Program & Volunteer Manager
Laura Friedman is an artist living in Seattle, trying their best to make work from the heart, and to support others in doing the same. Laura makes artworks which probe the intelligibility of gender identity as a category of lived experience, while simultaneously recognizing the necessity and emancipatory potential of discourses of gender identity in human becoming. Laura currently makes art with young people through the Seattle-based organization Young Women Empowered. They are excited about the healing potential of art making and sharing and celebrating, and are grateful to be a part of festival:festival again this year.
Juan Franco Ricardo
Juan Franco Ricardo is a visual and performing artist, curator, and community organizer. Born in Bogotá (Muisca Territory) and currently based in Seattle (Coast Salish Territory), they ground creative practice in their queer, brown, immigrant identity and in solidarity across these communities. As an artist, Juan constructs image-based works with the aid of film and digital cameras, flatbed scanners, and found imagery while exploring the metaphors and histories of the chemical and digital process. As an organizer, Juan is Co-Founder and Co-Director of festival:festival, a public, visual and performing arts festival in Seattle. festival:festival presents and supports artists and cultural workers in Seattle.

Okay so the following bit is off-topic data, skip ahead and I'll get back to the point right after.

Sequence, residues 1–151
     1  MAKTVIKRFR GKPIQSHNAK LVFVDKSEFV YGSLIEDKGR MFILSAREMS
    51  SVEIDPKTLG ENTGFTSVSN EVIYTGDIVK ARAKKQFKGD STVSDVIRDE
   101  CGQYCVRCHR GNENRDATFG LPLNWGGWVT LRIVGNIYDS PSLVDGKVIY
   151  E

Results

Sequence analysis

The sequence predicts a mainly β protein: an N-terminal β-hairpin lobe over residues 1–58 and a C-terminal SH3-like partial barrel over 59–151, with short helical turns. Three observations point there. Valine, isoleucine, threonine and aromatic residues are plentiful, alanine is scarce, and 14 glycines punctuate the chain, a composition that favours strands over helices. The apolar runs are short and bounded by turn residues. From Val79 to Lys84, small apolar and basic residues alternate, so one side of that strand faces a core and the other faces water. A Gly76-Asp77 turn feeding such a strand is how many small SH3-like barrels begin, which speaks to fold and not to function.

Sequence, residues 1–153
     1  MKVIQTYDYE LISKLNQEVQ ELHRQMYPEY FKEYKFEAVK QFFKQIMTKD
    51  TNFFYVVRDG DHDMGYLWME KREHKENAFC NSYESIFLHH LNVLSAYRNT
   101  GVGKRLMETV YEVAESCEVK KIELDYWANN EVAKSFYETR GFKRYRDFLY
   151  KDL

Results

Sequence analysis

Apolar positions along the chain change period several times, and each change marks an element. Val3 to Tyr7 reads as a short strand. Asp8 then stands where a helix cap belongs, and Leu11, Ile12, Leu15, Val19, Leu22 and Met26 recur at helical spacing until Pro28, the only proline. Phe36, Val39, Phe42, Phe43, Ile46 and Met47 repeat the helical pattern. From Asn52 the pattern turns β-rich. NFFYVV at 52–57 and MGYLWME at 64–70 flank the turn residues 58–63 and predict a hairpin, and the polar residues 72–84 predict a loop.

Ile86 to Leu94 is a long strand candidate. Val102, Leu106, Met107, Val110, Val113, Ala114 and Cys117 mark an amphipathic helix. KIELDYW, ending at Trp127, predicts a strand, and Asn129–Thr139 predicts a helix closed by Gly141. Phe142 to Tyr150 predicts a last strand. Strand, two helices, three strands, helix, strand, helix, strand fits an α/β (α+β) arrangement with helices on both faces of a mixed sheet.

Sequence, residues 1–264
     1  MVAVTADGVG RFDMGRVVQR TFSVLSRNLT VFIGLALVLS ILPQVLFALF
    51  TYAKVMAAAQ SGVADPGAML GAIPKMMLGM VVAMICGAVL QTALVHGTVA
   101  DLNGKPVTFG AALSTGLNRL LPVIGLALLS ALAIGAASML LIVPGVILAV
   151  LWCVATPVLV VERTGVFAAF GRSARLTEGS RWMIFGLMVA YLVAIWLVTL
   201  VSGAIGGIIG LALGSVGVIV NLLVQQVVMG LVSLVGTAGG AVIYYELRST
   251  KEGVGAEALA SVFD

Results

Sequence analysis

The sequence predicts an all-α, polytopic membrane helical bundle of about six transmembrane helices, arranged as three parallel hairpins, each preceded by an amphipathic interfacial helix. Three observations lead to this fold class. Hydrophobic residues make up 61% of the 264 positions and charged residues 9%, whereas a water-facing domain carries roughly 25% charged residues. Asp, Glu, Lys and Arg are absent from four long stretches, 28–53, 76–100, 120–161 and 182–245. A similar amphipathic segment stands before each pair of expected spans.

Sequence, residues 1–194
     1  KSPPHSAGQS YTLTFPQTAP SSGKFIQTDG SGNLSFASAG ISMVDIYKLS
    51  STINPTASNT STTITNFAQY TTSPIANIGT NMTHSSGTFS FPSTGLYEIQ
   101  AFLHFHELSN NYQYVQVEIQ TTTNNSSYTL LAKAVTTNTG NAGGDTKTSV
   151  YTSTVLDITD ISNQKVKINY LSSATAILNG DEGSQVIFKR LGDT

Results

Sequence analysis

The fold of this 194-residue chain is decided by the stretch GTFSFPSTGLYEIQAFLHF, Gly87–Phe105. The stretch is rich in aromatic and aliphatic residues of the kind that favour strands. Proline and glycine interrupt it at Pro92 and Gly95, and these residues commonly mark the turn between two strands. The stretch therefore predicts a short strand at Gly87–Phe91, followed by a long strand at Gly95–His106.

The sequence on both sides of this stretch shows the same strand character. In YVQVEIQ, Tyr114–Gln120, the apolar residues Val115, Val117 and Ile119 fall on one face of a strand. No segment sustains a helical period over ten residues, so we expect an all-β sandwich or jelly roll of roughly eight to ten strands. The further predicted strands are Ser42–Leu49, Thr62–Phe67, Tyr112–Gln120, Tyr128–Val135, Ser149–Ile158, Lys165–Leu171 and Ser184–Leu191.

Juan has been named the 2019 Neddy at Cornish Curator beginning in September of 2019. They hold an MA in Art History from the University of Washington and a BFA in Photography from Cornish College of the Arts.
Carl Lawrence (b. 1992) is a Seattle-based artist and director whose work oscillates between performance, installation, and visual art. He has presented work locally and nationally at venues such as The Watermill Center, On the Boards, ITINERANT Performance Art Festival, Center on Contemporary Art (CoCA), Olson Kundig, Yellow Fish Epic Durational Performance Festival XIV, and Next Fest NW 2014. His most recent work entitled ✞aaaa✞, which premiered at Base: Experimental Arts + Space in March 2019, was called a “spectacular demonstration of multidisciplinary work” by Seattle Dances. Lawrence is the Co-Founder of festival:festival and is excited to return for his third year! Photo by Juan Franco.